The Labyrinth of Osirisby Paul Sussman
Detective Arieh Ben-Roi of the Jerusalem police once more teams up with his old friend, the Egyptian policeman Yusuf Khalifa, in a gripping contemporary thriller with connections to ancient Egypt.
Detective Arieh Ben-Roi of the Jerusalem police is tasked with the investigation of the death of a well-known Israeli journalist, Rivka Kleinberg, who was found brutally murdered in a cathedral in Jerusalem. Known for her fearless exposes, Kleinberg had made many high-powered enemies, including international corporations, the Israeli government, and the Russian mafia. Looking for leads, Ben-Roi begins researching which stories Kleinberg was working on before she died, and finds a connection to Egypt that confuses him.
At a stumbling block, Ben-Roi phones up his old friend, Yusuf Khalifa of the Luxor police, and asks him if he will help him investigate the case. Reeling from the death of his son in a tragic accident, Khalifa is happy for the distraction of work. He begins looking into another story that Kleinberg was researching just before her murder: the mysterious death of a British Egyptologist in the 1930s. This Egyptologist was said to have uncovered a giant labyrinth-like gold mine of incredible riches written about in the works of Herodotus. But what connection could this gold mine have with Kleinberg’s murder?
With a plot that moves from Israel to Egypt to Vancouver to Romania, The Labyrinth of Osiris is an intelligent, gripping novel from an internationally acclaimed master of thriller writing.
“If Paul’s past books are anything to go on it’s a must-read. He enters the world of the ancients with such ease and veracity.” —Terry Jones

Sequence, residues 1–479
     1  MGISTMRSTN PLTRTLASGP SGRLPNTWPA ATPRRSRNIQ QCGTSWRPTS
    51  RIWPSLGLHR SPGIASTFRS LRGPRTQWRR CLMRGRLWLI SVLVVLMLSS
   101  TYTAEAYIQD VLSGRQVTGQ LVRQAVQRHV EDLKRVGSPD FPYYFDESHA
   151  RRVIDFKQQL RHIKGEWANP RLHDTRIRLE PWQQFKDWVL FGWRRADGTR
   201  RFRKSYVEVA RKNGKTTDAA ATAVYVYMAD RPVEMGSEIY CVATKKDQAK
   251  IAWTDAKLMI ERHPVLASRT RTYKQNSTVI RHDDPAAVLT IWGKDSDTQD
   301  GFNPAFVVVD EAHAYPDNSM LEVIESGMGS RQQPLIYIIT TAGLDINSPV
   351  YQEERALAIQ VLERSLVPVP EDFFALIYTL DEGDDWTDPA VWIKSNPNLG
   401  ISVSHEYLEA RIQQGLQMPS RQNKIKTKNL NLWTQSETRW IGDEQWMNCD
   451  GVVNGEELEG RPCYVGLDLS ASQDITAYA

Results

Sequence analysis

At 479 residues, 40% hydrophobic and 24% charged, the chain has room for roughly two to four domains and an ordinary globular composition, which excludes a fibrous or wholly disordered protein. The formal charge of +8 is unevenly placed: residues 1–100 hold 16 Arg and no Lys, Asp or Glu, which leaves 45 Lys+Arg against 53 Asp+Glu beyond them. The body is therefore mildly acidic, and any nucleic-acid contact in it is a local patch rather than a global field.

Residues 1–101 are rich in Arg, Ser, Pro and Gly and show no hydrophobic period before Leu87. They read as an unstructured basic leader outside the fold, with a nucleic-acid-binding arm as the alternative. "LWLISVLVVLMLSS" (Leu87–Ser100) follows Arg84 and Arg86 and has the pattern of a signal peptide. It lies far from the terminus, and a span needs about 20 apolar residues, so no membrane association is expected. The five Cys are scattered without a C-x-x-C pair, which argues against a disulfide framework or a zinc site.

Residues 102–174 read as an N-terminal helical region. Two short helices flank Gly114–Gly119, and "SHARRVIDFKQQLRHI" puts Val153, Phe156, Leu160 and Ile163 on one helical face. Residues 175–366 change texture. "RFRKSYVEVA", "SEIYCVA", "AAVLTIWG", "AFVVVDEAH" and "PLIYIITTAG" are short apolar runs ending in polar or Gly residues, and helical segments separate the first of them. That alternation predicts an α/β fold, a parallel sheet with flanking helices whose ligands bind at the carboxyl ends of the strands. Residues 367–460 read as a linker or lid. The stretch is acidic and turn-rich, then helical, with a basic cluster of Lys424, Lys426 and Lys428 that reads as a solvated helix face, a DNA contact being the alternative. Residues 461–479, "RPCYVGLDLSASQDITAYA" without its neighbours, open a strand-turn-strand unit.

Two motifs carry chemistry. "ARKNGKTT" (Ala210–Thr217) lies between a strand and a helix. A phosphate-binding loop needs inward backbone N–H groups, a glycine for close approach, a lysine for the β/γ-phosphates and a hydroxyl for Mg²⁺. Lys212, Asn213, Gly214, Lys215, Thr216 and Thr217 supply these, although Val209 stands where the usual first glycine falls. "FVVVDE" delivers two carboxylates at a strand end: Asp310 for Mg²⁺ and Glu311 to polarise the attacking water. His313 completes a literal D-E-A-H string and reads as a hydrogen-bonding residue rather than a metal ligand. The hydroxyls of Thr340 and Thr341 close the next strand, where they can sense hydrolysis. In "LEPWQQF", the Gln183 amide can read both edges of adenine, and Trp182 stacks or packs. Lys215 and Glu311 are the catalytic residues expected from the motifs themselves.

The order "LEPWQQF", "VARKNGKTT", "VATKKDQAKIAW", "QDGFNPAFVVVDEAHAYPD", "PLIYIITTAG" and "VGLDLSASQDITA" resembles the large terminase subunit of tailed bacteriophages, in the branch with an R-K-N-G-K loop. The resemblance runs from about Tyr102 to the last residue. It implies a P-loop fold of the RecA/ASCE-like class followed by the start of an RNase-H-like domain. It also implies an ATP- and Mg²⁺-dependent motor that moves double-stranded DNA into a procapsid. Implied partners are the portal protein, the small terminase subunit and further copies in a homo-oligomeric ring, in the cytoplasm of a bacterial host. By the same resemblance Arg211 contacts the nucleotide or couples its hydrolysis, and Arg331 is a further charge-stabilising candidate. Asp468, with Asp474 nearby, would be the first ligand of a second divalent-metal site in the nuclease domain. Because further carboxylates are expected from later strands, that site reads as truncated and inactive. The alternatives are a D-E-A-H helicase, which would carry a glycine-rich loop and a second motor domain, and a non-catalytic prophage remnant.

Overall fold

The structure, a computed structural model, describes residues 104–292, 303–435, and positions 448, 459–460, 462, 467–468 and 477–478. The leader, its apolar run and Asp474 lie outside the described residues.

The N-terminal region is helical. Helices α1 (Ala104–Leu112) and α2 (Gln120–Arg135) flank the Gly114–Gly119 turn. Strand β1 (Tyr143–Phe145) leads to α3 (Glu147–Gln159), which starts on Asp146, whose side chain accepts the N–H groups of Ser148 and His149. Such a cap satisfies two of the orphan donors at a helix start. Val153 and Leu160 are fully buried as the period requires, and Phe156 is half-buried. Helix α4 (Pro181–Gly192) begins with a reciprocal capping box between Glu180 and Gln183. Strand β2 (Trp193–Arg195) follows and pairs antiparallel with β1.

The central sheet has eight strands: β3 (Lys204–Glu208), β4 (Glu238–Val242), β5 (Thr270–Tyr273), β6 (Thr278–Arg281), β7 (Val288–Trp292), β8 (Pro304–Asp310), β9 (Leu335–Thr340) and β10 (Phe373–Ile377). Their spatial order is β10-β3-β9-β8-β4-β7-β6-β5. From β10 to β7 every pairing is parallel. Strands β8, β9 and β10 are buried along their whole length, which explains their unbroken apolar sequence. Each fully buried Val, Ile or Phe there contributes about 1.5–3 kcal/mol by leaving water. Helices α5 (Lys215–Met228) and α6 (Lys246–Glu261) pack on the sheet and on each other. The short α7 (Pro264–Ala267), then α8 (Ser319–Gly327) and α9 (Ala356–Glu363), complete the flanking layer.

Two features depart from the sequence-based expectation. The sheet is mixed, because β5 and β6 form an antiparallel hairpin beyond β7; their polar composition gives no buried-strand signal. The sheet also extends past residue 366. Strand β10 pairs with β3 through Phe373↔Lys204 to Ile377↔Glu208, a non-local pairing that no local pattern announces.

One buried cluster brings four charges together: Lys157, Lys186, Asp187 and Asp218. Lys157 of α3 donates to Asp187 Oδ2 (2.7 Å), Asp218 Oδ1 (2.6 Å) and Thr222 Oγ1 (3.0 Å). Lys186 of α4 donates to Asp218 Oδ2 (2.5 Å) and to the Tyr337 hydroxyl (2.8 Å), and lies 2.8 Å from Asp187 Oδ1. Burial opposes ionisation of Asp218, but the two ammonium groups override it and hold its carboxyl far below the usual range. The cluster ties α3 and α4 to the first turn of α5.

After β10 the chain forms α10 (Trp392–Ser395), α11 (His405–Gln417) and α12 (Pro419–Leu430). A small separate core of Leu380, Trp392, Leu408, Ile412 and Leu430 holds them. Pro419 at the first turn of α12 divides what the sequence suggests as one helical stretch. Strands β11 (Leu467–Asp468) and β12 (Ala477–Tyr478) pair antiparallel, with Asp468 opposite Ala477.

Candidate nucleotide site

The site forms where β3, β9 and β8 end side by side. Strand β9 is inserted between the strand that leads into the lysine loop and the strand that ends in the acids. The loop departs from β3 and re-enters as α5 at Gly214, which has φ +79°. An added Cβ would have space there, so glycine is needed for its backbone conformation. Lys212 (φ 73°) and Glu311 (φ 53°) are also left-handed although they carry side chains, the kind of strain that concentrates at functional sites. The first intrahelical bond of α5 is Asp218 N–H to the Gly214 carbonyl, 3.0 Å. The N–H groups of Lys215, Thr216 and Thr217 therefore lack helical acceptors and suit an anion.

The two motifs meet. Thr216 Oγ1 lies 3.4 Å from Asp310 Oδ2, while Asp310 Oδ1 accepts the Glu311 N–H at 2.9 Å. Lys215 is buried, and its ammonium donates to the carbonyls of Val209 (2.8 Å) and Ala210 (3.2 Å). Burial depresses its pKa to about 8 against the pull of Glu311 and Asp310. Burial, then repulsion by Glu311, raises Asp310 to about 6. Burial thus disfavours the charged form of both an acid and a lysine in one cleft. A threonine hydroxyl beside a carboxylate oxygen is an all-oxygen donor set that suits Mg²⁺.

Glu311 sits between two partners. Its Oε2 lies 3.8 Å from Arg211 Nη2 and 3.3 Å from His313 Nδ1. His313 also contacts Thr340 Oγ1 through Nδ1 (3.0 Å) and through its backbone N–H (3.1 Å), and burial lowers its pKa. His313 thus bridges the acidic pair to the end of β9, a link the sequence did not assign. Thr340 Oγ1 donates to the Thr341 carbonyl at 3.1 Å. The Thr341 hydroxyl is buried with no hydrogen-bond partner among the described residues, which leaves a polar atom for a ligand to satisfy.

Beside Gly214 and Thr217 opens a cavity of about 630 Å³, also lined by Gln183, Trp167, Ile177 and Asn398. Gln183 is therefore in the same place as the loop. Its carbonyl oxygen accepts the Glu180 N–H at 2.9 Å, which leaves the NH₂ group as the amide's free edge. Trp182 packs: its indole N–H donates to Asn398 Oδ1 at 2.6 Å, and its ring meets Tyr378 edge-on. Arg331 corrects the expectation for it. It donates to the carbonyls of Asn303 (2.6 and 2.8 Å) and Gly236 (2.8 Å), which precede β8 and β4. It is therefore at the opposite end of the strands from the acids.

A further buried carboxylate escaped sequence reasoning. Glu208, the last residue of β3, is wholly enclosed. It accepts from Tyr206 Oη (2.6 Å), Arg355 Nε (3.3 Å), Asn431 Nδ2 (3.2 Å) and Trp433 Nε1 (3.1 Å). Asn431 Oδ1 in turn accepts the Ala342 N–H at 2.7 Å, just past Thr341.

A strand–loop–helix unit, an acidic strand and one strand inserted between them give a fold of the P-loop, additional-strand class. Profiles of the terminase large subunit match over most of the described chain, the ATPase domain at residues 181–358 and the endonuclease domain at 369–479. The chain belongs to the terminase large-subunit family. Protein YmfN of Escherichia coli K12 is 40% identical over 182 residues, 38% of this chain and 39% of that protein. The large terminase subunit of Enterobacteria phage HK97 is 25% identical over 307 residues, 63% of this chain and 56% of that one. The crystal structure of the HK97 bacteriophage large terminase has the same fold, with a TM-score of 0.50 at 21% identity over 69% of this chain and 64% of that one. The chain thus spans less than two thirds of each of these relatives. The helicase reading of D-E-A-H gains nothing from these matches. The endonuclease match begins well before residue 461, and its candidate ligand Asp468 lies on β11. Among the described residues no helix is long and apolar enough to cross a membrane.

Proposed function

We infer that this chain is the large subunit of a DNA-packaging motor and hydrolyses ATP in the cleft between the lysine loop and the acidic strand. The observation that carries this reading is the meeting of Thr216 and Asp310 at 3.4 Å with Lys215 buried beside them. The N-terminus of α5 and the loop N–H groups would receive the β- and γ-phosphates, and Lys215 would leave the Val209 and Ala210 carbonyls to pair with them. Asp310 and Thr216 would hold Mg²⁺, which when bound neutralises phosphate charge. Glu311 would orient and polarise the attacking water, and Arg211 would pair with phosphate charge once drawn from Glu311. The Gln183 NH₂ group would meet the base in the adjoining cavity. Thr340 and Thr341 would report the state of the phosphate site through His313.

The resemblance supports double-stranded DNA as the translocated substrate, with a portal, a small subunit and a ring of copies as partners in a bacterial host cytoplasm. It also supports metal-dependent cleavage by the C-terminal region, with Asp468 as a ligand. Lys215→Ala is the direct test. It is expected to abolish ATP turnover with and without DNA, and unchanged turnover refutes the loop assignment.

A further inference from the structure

“Taut, entertaining archaeological murder mystery-meets-spy thriller by genre-meister Sussman. . . . a trained archaeologist, [he] knows his stuff—and how to make a reader jump, too. . . . A mayhem-rich view of the world through the eyes of mummies and villains, and a lot of fun.” —Kirkus Reviews
“Its 500-plus pages travel across borders between Egypt, Israel and America and across generations, bringing to life a cast of believable characters. But it is the central characters—an Egyptian policeman and his Israeli counterpart—that really pull the reader into the tale which takes on issues including cyber-crime, sex-trafficking and sectarian hatred.” —The Northern Echo
“This is the fourth, and, tragically, the last thriller from the bestselling author Paul Sussman . . . an absolutely top-notch thriller—captivating, intelligent and notably well-written, and with a depth of characterization which most thrillers don’t even attempt. Like its three predecessors, this novel combines a modern detective story with Egyptian archaeology . . . in Sussman’s hands that combination works impressively well. . . . Sussman’s plotting is terrific, as is the confidence with which he allows its story with its richly detailed contexts and characters time to develop.” —The Daily Mail
“[Sussman is] hands down one of the best writers of international suspense . . . excitement melds with adventure . . . bone-chilling thrills, a flair for the macabre, and off-the-charts suspense. Superb.” —Steve Berry, author of The Charlemagne Pursuit on The Hidden Oasis